When the heavy rains came, no one shielded them. When it was time to eat, no one stood in line for them. They stood waiting behind a large man wearing a rain poncho emblazoned on the back with the smiling shrimp. When the day grew tiring, mother carried sleeping son like trudging through an endurance test.


Though a ridiculous comparison, she felt sudden empathy for those fleeing war zones, with the seemingly endless challenge of continuing onward no matter what. Yet, she had paid money to enter and now would gladly pay money to leave quickly. And they did leave. Bought a T-shirt and left.


The next day was going to be a bit of closure with Baba stopping by in the morning to pick up the TV he had loaned.


"What a jerk! He wants his TV back?" asked her friend.


"No, I want it gone. We aren't watching it and I want as much gone as I can before we leave in a month."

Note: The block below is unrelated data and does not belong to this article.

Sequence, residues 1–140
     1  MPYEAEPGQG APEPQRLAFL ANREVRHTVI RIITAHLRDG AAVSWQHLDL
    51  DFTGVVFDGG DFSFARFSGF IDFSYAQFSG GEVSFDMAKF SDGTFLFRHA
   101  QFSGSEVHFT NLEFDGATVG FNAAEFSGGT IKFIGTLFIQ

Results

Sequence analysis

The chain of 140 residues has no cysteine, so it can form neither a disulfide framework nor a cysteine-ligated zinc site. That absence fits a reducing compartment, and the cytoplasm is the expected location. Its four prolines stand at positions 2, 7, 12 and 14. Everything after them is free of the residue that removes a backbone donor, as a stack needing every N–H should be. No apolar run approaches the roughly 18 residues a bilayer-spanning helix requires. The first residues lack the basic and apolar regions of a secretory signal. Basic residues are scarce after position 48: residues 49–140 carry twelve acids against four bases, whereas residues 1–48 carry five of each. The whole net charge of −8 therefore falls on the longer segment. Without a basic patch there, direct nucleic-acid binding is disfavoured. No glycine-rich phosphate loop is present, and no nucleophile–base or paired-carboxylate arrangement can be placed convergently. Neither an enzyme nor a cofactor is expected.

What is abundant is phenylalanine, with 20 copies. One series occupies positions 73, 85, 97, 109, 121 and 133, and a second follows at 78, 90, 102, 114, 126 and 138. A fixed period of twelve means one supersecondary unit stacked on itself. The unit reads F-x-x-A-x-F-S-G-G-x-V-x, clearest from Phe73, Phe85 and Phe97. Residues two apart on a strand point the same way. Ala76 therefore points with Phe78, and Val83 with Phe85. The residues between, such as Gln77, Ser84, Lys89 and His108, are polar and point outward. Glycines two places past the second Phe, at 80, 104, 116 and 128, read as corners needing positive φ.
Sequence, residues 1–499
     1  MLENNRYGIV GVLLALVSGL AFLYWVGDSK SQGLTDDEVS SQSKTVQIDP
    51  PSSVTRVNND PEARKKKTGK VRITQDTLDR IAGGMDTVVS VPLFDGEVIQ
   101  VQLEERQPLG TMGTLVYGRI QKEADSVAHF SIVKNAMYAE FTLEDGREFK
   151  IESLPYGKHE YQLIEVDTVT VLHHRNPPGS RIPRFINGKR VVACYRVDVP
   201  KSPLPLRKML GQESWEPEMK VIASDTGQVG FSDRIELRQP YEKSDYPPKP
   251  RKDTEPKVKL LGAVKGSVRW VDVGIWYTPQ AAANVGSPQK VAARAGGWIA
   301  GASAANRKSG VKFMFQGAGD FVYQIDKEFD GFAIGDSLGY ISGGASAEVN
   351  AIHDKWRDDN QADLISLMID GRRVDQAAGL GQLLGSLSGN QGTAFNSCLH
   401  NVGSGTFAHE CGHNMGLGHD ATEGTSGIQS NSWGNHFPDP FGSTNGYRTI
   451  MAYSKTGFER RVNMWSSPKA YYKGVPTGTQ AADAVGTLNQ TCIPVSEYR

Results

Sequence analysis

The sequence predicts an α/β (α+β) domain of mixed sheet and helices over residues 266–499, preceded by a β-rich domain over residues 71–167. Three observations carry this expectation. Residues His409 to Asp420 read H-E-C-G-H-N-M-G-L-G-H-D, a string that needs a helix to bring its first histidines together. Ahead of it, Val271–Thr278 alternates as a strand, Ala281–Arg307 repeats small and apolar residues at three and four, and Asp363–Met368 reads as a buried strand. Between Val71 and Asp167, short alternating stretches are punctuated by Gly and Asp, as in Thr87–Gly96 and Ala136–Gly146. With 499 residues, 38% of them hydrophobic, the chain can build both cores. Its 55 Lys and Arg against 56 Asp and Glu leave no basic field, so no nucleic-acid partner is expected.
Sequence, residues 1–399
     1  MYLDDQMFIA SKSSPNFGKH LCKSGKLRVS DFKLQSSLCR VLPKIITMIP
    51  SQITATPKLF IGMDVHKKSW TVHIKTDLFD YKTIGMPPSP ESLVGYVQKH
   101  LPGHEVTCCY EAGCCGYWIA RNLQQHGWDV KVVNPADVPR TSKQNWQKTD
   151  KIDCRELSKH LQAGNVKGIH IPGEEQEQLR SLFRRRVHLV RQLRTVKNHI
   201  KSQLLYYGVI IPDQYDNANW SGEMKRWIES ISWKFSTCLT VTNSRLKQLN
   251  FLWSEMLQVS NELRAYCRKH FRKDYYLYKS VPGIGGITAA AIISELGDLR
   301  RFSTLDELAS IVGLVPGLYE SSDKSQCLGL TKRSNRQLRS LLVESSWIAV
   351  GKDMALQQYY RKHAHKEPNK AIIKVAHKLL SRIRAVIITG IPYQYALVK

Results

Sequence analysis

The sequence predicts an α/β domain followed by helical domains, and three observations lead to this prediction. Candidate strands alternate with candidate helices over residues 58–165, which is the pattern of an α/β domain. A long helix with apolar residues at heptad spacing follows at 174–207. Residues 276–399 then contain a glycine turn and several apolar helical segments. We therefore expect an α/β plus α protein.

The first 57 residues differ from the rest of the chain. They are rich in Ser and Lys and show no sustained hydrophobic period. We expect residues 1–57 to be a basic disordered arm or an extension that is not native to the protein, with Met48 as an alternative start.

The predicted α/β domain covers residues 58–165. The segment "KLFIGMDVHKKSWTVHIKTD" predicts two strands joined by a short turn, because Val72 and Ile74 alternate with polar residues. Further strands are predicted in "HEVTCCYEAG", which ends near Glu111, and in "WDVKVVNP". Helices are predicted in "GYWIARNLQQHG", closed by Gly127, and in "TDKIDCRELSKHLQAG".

They were headed out of the country; out of his city, and out of his life.



The TV exchange hadn't gone well. There was a hug at the door, which wasn't asked for. The boy hadn't seen that one, as he had still been in bed. After the TV was brought down two flights of stairs, Baba had come back to say goodbye.


He had taken his former wife's face in his hands.


"You look like an angel," he spoke plainly. He wasn't actually a sweet talker. He had never mastered women, the way some men do.


Her hair was covered in modesty and she wasn't asking for the touch. She wasn't. He didn't mean to, but he did.